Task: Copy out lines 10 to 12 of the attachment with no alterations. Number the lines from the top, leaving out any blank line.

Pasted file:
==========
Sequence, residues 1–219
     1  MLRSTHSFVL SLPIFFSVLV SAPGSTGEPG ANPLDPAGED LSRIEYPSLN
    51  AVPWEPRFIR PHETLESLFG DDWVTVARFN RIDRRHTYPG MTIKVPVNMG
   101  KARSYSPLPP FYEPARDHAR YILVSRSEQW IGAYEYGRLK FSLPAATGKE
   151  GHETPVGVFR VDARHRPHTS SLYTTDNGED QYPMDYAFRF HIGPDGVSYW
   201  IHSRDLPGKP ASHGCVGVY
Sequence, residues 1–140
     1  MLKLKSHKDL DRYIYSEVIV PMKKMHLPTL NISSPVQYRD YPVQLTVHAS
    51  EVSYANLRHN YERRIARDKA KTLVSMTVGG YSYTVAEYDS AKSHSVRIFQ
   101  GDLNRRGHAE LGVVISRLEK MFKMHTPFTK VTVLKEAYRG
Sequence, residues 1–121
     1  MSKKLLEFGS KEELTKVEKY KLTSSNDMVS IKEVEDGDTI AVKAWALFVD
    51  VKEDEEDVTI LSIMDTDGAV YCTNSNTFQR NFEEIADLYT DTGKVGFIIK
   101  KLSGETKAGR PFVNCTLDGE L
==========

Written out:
   101  GDLNRRGHAE LGVVISRLEK MFKMHTPFTK VTVLKEAYRG
Sequence, residues 1–121
     1  MSKKLLEFGS KEELTKVEKY KLTSSNDMVS IKEVEDGDTI AVKAWALFVD